“The world has dramatically changed,” said Jon Baron, Thomson Reuters’ managing director of professional tax and accounting, during his keynote Thursday kicking off the 32nd annual Thomson Reuters SYNERGY Users’ Conference for Professional Tax & Accounting Firms in Grapevine, Texas.

The statement became a mantra as Baron addressed the 1,100 attendees, guiding them through the statistical indicators of this change and warning, “Digitalizing your firm is not optional.”

Accounting firms as a whole have not gotten that message, he continued. “About 40 percent of the profession seems stuck in the ’80s and ’90s.”

Today, Baron explained, is all about mobility. “We are a mobile society in how we deal with information and data.”

For this current climate, Thomson Reuters officially announced a new mobile application, NetClient CS for smartphones and tablets, an extension of NetClient CS portals that will offer clients on-the-go access to services and content in a firm-branded environment.

The app’s available services, over which the firms will retain control, include access to tax returns, financial statements and other documents; online accounting, payroll services and data; and a built-in task center that allows firms to alert clients of to-do items.

NetClient CS joins the company’s three previous mobile offerings available to CS Professional Suite users: accounting app Mobile CS, social community app ARNE and payroll processing app myPay solutions. It is currently available as a free download for users of Apple and Android mobile devices. 

Thomson Reuters’ mobile direction echoes the demographic shift Baron highlighted during his presentation.

He cited companies such as Encyclopaedia Britannica, which abandoned its print product in 2012 after 244 years, and Circuit City, which went bankrupt in 2008, as ones that did not successfully adjust their business models to this change.

Among the statistics Baron presented to illustrate this dramatic shift:

• The global PC market is set to decline for the first time in 11 years.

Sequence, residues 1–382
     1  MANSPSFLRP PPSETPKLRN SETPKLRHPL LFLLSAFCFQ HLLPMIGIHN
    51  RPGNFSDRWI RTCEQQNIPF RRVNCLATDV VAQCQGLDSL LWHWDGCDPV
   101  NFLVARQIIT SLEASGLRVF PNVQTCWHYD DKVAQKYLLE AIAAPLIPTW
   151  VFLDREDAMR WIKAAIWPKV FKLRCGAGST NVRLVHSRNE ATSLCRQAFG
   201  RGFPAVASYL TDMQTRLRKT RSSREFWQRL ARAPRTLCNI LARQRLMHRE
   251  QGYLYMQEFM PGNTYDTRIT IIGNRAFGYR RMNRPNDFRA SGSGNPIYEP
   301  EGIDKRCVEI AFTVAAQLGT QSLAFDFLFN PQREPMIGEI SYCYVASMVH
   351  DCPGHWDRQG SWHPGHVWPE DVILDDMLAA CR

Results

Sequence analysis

• At the time the iPad was introduced in early 2010, 4 percent of Americans owned a tablet. As of today, that number is 25 percent.

• In 2012, the number of voicemails retrieved in the U.S. was down 14 percent from 2011, and more than 35 percent of adults live in a household with no landline.
• There are 82 million smart phone users in the U.S., or 45 percent of the adult population.

• Sixty-five percent of CIOs predict desk phones will not exist in five years.

• There were 10 billion downloads in the Apple iTunes store in 2011; this year the number is on pace to double that.

• Ten percent of all photos ever taken were snapped in 2011, with that percentage likely to hit 15 this year.

• From the beginning of recorded time until 2003, we created 5 billion gigabytes of data, while in 2011 we created that amount every two days.

Baron then compared these indicators with Thomson Reuters-gathered statistics on the accounting profession. A majority of accounting firms continue to deliver a majority of their tax returns to clients on paper and only about 50 percent have a Web site.

“You hear everyone talking about [the cloud] in the accounting profession, and we’ve had it available since 1999,” said Baron, but only 18 percent of surveyed firms are using cloud applications of any type.

“The good news is you’re competing against these people,” Baron added.

Baron also mentioned future trends on Thomson Reuters’ radar, including new tablets, the launch of Windows 8 and the corresponding movement toward “touch” interaction.

He closed his keynote by circling back to his oft-repeated phrase. “Digitalizing your firm is not optional,” he said. “It’s an absolute necessity.”

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